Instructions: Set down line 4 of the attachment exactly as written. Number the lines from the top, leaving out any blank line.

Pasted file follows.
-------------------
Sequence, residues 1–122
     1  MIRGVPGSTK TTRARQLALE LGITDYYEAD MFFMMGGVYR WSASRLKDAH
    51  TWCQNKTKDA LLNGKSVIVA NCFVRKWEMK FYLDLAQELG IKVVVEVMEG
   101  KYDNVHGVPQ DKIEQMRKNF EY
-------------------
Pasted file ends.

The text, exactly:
   101  KYDNVHGVPQ DKIEQMRKNF EY